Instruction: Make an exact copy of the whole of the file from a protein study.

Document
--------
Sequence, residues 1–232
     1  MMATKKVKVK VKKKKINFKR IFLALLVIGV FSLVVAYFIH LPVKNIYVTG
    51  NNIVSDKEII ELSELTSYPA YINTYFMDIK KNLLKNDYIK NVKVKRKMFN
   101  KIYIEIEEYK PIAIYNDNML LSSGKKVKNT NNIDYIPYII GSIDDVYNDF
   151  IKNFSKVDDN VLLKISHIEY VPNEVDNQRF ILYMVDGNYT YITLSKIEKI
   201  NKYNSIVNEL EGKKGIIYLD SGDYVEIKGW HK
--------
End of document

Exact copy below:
Sequence, residues 1–232
     1  MMATKKVKVK VKKKKINFKR IFLALLVIGV FSLVVAYFIH LPVKNIYVTG
    51  NNIVSDKEII ELSELTSYPA YINTYFMDIK KNLLKNDYIK NVKVKRKMFN
   101  KIYIEIEEYK PIAIYNDNML LSSGKKVKNT NNIDYIPYII GSIDDVYNDF
   151  IKNFSKVDDN VLLKISHIEY VPNEVDNQRF ILYMVDGNYT YITLSKIEKI
   201  NKYNSIVNEL EGKKGIIYLD SGDYVEIKGW HK